You've said that everyday cuts and scrapes aren’t your biggest concern on the court, but internal bleeding from bruises and other injuries is a threat. What could happen without proper treatment?
I’ve always worked with my doctor to make sure I continue to stay healthy and play safely, because if I fall hard or get kneed in the leg or things like that, I know they could potentially cause serious internal bleeds and lead to long-term joint damage. I know not everyone with hemophilia A is able to do these kinds of activities, just given the risks. In high school, I did have to miss some games because of injuries. I would definitely say I could have easily been done with basketball if I didn’t take necessary precautions, like wearing ankle braces or padded shorts. The precautions that I have to take are definitely more than other people, but at the same time, it becomes such a routine for me. It doesn’t feel abnormal to do those things.

Are there any misconceptions about hemophilia? And if so, what's the biggest?
This is so funny. Every time I explain it to someone, the thing I get the most is, “So if you get a cut, it’s never going to stop?” I’m like, “That’s not really what I mean by that.” I mean, it’d have to be a pretty deep cut, bleed a while, but even now I’ve gotten cuts and I'd say they take the normal amount of time to stop. Internal bleeds are a bigger issue for me. Say it’s my leg. Well, my leg could swell up—it might even turn purple—and I could wind up with joint damage.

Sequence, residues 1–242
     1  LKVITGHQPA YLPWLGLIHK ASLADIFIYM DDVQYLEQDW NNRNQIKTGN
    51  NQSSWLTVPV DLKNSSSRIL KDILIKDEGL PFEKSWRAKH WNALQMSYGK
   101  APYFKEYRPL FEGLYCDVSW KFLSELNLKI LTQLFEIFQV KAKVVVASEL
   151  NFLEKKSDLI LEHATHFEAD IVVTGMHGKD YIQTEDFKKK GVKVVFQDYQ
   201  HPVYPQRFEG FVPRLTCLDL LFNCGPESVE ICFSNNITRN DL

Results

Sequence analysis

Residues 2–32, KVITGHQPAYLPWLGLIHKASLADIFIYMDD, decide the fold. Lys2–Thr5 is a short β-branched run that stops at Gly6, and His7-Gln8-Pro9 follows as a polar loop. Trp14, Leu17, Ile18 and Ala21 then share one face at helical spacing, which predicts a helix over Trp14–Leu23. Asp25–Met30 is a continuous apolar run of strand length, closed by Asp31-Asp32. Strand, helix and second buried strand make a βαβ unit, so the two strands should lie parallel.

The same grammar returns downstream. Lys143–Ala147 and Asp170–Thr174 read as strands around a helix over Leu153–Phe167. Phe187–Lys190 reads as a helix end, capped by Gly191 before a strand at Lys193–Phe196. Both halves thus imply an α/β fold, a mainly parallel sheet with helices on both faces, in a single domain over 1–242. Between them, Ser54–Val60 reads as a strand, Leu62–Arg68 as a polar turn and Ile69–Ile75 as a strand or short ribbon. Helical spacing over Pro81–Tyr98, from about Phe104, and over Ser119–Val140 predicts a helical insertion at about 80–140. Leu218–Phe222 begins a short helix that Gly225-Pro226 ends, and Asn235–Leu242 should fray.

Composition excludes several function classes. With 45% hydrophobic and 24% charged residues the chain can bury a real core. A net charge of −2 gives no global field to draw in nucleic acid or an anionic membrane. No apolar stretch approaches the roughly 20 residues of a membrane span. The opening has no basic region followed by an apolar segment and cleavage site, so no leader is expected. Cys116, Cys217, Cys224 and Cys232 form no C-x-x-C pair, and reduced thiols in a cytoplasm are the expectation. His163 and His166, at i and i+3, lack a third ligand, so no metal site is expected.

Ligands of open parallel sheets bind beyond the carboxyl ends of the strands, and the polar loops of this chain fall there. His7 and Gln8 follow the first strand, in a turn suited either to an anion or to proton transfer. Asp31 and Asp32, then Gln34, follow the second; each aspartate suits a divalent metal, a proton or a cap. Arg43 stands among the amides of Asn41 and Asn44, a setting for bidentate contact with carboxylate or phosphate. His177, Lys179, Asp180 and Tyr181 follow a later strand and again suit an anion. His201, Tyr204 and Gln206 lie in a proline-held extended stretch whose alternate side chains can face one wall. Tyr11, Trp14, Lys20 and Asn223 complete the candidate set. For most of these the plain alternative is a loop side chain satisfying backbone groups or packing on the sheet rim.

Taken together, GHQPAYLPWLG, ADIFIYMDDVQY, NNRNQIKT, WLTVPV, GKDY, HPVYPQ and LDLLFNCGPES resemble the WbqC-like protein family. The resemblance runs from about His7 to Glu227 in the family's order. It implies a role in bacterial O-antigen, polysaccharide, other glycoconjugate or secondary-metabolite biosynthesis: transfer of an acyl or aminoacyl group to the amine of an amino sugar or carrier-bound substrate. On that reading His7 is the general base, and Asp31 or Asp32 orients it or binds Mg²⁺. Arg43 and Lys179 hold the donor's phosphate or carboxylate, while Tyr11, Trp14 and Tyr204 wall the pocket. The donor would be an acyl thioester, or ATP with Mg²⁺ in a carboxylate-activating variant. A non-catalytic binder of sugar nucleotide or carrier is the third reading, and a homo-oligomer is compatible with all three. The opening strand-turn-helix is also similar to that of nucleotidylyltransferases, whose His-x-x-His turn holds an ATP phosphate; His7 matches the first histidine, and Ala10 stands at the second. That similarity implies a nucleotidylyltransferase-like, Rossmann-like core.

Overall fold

When it comes to things now, I’m just out there being who I am.

Is there any part of you that still gets even a bit nervous while practicing with the team or on your own, or when you’re out there playing?
I wouldn’t say I feel nervous, but I still make sure to take precautions and continue my routines to help manage my disease. The last time I really felt nervous about it was elementary school and middle school. I knew hemophilia was a part of who I was, and then, as I got older, I knew it was something I couldn't change, so I just decided I’m not going to let that stop me. In elementary school, it was a little rougher because kids, they didn’t understand.

Sometimes they would think I was faking an injury, because one day I could be in a wheelchair because of a joint bleed, and the next day I could be walking. It was hard because I had to deal with kids not knowing what was going on, and also had to deal with teachers not really knowing what’s going on. I’d have to sit out of the gym class almost all the time if we were doing something a little more physical. I mean, it was a little rough at that time because that made me feel more on an island. Nobody really knew what I was dealing with and what I was going through because I’m a young kid, and it’s hard to explain all this medical stuff to other kids. But when it comes to things now, I’m just out there being who I am. 

How are you managing your symptoms these days?     
Hemlibra, man—I started taking it in high school. I have severe hemophilia A, and the doctors said Hemlibra could be a treatment that could work for me. I take it every two weeks, which is a lot easier to manage with my practice and game schedule.